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Roane County, WV
The Civil War in Spencer, cont.

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Col. Rathbone sent an erroneous message in early May to Brig. Gen. Benjamin Kelly that the Confederates had captured both Arnoldsburg and Spencer. Kelly immediately sent a large force of Federal troops to recapture the towns. He arrived in Spencer. satisfied himself that all was well. and left for Weston on May 16th. The following evening Confederate Capts. Downs. Hays, and Silcott approached Spencer under a flag of truce. They reported that Brig. Gen. Kelly had sent them to arrange a truce with Col. Rathbone. Rathbone being unable to confirm with Kelly took them at their word and Judge Brown mediated the negotiations. An eight-day cessation to hostilities was arranged, during which both armies were free to travel throughout the area.

Kelly, upon receiving word of the truce, was enraged and sent word to Rathbone to "move at once on them and kill or capture their whole force if possible". Throughout the summer of 1862 the Union forces maintained steady pressure on the guerrillas.

In September 1862 Confederate Gen. Jenkins arrived in Spencer during the early morning hours and deployed his men along the ridge northeast of town, near present day Prospect Street on Alvord Hill, in such a manner to give the appearance of a force two or three times its actual size. Messengers entered town under a flag of truce and demanded that the Federals surrender unconditionally within 30 minutes. Rathbone surrendered without attempting any defense. Jenkins and his men rode into town and claimed it "in the name of Jefferson Davis and the southern Confederacy". The men stayed only long enough to gather the militia guns and burn them on the courthouse square. The Union troops were paroled after taking an oath not to bear arms against the Rebels for a period of30 days.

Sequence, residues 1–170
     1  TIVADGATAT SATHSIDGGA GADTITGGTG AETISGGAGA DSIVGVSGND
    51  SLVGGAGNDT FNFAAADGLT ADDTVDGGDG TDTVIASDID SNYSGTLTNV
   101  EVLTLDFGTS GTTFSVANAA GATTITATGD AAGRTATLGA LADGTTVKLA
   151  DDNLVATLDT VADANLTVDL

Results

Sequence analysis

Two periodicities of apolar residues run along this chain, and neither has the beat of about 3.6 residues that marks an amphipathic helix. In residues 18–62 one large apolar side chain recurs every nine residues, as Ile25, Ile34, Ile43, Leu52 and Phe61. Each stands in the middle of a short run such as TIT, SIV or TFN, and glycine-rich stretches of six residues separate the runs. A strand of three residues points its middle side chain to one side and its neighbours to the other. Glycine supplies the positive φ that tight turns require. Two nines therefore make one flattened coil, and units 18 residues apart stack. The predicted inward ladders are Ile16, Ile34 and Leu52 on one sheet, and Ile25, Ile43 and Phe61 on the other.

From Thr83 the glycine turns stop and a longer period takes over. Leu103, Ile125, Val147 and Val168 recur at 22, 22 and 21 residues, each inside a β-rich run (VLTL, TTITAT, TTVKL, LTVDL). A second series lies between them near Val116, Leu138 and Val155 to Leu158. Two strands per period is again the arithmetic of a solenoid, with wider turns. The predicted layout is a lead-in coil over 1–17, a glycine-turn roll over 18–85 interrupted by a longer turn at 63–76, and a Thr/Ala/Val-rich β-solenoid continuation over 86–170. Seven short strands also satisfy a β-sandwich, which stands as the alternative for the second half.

Jenkins and his men left the morning following the surrender in the direction of Ripley. Once out of sight, Union Capt. Sympson and his men, who refused to surrender and had escaped towards Reedy, returned and regained Union control of the town throughout the remainder of the war.

The movement for the formation of a new state was successful. After finally submitting to the Congressional stipulation that slavery be excluded from the state, final approval was granted and West Virginia became the 35th Union state on June 20, 1863.

Roane County's involvement in the war continued at the Battle of Cloyd's Mountain near Dublin, Virginia on May 9, 1864. A large portion of local troops, serving both the Union and Confederate armies, was wounded or killed in what was the largest Civil War battle in southwestern Virginia. Union Brigadier General George Crook led 6,500 infantry and 12 artillery pieces with the aim to destroy the Virginia & Tennessee Railroad connecting Richmond with Tennessee. Confederate Brigadier General Jenkins (who had two years earlier captured Spencer) led 2,400 men and ten artillery and had resolved to make a stand. Following a brisk artillery duel, the Union infantry attacked and the West Virginia brigade, in its first battle, drove to within 20 yards of the Confederate line resulting in many casualties. The battle lasted little more than an hour, but the ferocity of the fighting is evidenced by the 688 Union losses, roughly ten percent, and 538 Confederate losses, approximately 23 percent.

The war continued until April 9, 1865, when Confederate General Robert E. Lee surrendered to Union General Ulysses S. Grant in the village of Appomattox Court House, Virginia. The last Confederate troops surrendered May 26, 1865 and the war was finally over, having cost the country more than 600,000 lives and approximately $5 billion in property damage.

Following the war, the state of affairs in Spencer during the war was described in the Weekly Bulletin, formerly published in Spencer as:

"A guerrilla warfare ensured; property was taken, houses burned, citizens murdered, and all the damnable transactions of war took place. Spencer was captured by Union forces, and besieged by the Confederates. For forty days and nights a random fire was poured in upon our beleaguered town and upon the Federals, who were cooped up in the court-house, praying for Blucher or Night'. Night came not, neither did Blucher; but General Jenkins answered the prayer, captured the town and took possession thereof in the name of the Southern Confederacy and Jefferson Davis ... Bands of horse thieves, belonging properly to neither of the contending armies, ravaged the county and killed unoffending citizens. "